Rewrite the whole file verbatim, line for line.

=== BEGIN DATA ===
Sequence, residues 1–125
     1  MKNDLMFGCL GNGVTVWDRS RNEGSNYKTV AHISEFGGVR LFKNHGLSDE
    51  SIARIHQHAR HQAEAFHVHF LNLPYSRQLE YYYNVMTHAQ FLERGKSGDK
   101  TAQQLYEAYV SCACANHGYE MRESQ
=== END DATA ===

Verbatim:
Sequence, residues 1–125
     1  MKNDLMFGCL GNGVTVWDRS RNEGSNYKTV AHISEFGGVR LFKNHGLSDE
    51  SIARIHQHAR HQAEAFHVHF LNLPYSRQLE YYYNVMTHAQ FLERGKSGDK
   101  TAQQLYEAYV SCACANHGYE MRESQ